Building A Relationship With Your Dog

Relationship Building 3

Building A Relationship With Your Dog

Building A Relationship With Your Dog

Everyone who works with or competes with a dog knows that you need to have a solid relationship in order to perform at peak levels.  While people used to use the idiom, “Don’t bite the hand that feeds you” as a guideline for working with a dog, we now know that feeding your dog is barely the first step to building a bond with your dog.  While it is still a good idea to hand feed or hand treat your dog during meals, especially young puppies or newly adopted dogs, this is mostly useful in teaching your dog to accept people and hands in and around food.

What exactly am I referring to when I talk about a relationship between owner and dog? Most people love their dog. Loving your dog is natural and wonderful but it is not exactly the bond that leads to an engaged and happy worker or companion.  For the purposes of this blog, I am going to stipulate that I do believe dogs love people. There is a lot of research in dog cognition going on right now, but for the most part people agree that they can see love in their dog. Love is the reaction that your dog shows when you get home and they just can’t wait to greet you; but it is not quite the bond that keeps your dog from running out the door and off on a new adventure.  The bond that keeps your dog with you and motivates your dog to walk with you past moving leaves and other fun distractions is based on the relationship you have nurtured.

Building a relationship with your dog consists of creating a bond based on mutual respect and regard.  This means you need to learn to understand and respect your dog.  Once you trust your dog and clearly let them know that you respect them by listening to the information they give you and responding accordingly, you will quickly earn their respect.  This can sound fairly formal or complex, but really all you need to do is acknowledge your dog when they seem stressed or excited and respond appropriately.  Even if you don’t think they should be stressed, by responding to them, you are acknowledging their feelings. That is a sign of respect.  Responding to their behavior with praise and rewards is also a sign of respect because this gives your dog a measure of control by letting them know that their behavior has an effect on their environment (another great indicator of a mutual relationship). In most cases, you completely control your dog’s life: when they eat, when and where they walk, where the go in the car, etc.  By giving them the ability to control some outcomes, primarily through training, you build a less one sided relationship.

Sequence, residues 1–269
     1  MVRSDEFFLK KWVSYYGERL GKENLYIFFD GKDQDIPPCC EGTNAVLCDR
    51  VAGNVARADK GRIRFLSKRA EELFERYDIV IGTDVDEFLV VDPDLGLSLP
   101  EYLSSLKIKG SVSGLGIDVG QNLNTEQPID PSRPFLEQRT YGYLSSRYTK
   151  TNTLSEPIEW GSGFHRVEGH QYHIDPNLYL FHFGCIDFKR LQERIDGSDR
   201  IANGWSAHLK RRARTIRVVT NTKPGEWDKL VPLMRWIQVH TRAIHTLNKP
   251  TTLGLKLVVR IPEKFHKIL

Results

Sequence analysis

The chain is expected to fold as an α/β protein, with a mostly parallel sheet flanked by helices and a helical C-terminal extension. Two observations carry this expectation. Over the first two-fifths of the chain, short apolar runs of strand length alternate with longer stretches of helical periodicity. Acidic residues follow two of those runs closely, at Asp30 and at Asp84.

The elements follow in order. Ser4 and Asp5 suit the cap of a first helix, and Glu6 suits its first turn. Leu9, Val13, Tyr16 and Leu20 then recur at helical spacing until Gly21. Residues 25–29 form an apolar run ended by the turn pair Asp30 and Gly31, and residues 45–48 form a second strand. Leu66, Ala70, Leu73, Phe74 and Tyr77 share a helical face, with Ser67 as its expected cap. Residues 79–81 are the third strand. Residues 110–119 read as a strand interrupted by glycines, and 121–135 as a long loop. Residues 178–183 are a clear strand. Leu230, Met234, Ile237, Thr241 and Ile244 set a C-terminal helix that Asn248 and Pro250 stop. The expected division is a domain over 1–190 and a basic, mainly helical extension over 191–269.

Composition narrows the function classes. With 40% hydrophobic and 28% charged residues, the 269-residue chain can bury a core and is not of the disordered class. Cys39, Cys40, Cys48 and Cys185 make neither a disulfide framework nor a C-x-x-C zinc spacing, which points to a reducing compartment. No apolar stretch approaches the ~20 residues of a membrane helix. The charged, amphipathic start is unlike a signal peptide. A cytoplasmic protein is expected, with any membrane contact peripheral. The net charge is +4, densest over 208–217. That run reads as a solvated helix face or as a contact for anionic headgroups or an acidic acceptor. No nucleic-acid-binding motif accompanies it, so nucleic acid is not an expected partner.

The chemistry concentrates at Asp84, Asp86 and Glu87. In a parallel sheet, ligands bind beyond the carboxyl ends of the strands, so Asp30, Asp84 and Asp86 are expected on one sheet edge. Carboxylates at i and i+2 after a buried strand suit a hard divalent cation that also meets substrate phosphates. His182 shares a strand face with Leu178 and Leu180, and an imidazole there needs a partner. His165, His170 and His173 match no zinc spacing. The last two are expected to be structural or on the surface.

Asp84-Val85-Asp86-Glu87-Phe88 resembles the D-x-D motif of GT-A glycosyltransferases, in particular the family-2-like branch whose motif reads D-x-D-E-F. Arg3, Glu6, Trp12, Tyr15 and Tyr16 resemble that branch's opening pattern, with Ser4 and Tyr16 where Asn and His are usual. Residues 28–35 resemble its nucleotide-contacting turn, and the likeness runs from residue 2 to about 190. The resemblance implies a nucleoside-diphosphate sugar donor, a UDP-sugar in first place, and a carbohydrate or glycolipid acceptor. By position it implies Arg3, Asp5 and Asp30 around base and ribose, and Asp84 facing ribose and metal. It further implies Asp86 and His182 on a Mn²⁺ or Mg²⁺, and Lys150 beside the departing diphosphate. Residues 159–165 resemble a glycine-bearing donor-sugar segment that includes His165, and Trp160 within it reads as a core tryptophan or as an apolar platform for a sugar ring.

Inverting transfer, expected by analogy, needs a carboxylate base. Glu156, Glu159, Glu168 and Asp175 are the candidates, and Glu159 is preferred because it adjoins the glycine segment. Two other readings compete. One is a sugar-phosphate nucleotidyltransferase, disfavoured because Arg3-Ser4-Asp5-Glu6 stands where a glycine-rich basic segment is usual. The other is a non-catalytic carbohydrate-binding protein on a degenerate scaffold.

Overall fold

Another great way to bond with your dog is through play!  Playing with your pooch taps into many of their natural instincts and drives such as prey drive through fetch, foraging through any nose work or puzzle, hunting through running or chasing, etc. By engaging your dog in play, you add yourself to their pleasurable activity and therefore make yourself more fun to be around.  I know I use heel work as an example fairly often, but think how boring heel walking really is for your dog.  Now add a quick tennis ball throw every few feet or after an awesome heel turn and think how much more fun that would be for your dog, and how much more cooperative it feels.  Fetch, tug of war, recall chases, and helping your dog get a piece of food out of an extra toy are all great ways to build a solid relationship with your dog. Once you have a strong relationship or bond with your dog you can trust them in more challenging situations and push them to perform at higher levels, because you know you have earned their trust too.

Happy Training!

 

Tamar Paltin

Head Trainer- Perfect Pooch

BA, CPDT-KA, AKC CGC Evaluator